When Chuy Arzola's announced last June that it would close after almost twenty years, fans flocked to the Dogtown Tex-Mex institution for one last margarita, one last burrito, one last order of the famous fajitas. When I drove past — at lunchtime — the line for a table spilled out onto the sidewalk.
So it was big news when Chuy Arzola's opened in May in the historic Coronado building.
But this ain't exactly your father's Chuy Arzola's. Eddie Arzola, founder of the original Chuy Arzola's, remains involved with the new version, but his 23-year-old son Coby Arzola is the driving force behind it, along with Ami Grimes and Dr. Gurpreet Padda.
The change is significant. In late 2007 Coby Arzola opened his first restaurant, Agave, which offers a more upscale approach to Mexican cuisine than what St. Louis is used to, and which I reviewed early last year. (See "Apotheosis of Guac," January 31, 2008; note that Agave is closed for renovations.) Grimes and Padda operate Café Ventana, a coffeehouse that turns out first-rate beignets, lobster bisque and other casual fare. What's more, Grimes and Padda have brought Café Ventana chef Chris Lee into Chuy Arzola's kitchen.
You don't have to follow all this inside baseball to know that the new Chuy Arzola's is different. Just visit the restaurant's expansive space in the partially submerged basement of the Coronado, which was formerly occupied by a branch of the Joe Boccardi's Ristorante chain. The interior has a clean, even subdued design, relatively light on the Tex-Mex tchotchkes, while heavy on wood accents and natural light.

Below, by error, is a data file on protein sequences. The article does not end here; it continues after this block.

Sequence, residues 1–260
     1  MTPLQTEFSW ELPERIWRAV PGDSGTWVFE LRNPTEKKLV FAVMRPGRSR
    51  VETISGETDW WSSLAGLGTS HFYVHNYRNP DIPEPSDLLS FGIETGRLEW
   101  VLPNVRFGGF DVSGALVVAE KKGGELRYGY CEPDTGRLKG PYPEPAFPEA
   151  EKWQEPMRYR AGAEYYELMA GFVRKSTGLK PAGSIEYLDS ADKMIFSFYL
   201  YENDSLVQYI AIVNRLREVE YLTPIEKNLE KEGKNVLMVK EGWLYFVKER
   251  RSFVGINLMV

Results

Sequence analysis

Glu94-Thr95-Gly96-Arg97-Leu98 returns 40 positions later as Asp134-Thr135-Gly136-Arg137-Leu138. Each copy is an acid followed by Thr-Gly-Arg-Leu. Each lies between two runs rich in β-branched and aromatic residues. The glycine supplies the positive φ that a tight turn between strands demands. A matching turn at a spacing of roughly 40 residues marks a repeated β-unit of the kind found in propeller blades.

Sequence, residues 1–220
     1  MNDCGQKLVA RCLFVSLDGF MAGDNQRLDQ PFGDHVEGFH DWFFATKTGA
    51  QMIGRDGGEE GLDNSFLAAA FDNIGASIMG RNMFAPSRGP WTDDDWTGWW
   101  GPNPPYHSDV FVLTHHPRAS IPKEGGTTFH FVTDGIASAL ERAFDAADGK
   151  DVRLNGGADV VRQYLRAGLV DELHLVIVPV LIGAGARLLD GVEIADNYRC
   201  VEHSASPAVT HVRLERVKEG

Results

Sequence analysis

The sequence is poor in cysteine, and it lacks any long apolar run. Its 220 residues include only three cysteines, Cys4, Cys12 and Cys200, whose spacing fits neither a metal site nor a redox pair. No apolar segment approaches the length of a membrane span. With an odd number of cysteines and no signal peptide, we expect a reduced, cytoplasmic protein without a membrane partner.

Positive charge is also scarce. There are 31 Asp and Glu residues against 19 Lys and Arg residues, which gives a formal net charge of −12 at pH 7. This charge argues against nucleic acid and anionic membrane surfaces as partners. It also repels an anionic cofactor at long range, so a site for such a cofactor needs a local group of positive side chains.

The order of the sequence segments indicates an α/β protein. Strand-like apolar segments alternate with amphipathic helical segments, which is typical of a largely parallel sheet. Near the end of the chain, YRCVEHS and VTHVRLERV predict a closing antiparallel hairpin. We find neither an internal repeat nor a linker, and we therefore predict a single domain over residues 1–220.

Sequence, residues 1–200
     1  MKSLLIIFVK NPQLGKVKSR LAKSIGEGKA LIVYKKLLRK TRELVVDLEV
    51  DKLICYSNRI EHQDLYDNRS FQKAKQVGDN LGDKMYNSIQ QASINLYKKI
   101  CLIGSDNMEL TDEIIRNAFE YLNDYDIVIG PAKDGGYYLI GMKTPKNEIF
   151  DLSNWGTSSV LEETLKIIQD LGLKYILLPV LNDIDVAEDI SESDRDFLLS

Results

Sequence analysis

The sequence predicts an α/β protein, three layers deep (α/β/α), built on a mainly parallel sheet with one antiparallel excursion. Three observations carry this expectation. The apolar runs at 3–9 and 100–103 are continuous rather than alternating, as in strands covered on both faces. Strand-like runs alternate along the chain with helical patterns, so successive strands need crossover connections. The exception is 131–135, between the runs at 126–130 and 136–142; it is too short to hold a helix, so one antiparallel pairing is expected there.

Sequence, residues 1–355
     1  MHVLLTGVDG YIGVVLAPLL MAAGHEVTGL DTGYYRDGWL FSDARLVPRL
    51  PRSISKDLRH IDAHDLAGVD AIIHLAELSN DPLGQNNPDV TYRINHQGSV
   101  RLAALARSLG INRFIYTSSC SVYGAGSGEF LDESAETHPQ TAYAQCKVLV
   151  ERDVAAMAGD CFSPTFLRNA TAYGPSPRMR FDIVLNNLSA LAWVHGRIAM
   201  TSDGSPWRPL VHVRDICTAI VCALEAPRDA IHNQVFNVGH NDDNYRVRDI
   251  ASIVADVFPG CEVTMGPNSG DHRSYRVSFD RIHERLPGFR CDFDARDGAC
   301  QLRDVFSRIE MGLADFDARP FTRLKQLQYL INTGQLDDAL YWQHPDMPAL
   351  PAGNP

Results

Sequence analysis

One element the new layout lacks is a true front door. You can enter from the basement of the Coronado. (Be sure to follow the signs, lest you end up in the laundry room.) There is a large Chuy Arzola's logo on the wall near this entrance, yet the door leads you to...I'm not really sure. A sort of way station between the bar and the kitchen? You will find the host's stand directly across the dining room from this entrance, just inside the entrance from the patio — or, rather, just inside an entrance from the patio because, you see, from the outside, the patio doors are more or less indistinguishable from one another, with the result that, on more than one occasion, I watched diners enter the restaurant from one side of the patio, make a beeline for the aforementioned mysterious way station and then head back to the other patio entrance before being seated. It's enough to drive a restaurant critic to drink. I ordered Chuy Arzola's house margarita. Maybe sensing the wariness in my voice, my server informed me that this was on the sweet side. Would I like to try the top-shelf "Texas Tornado" margarita instead? Well, I'm due back at the office after lunch, so...yes. Yes, I would!
The "Texas Tornado" costs two bucks more than the house margarita. An upsell for sure. But give the server credit: He anticipated my tastes, and in general, he and the rest of the staff did a fine job. The pace of the restaurant is rapid, though: Don't expect to linger over those drinks while you wait for your entrées to arrive.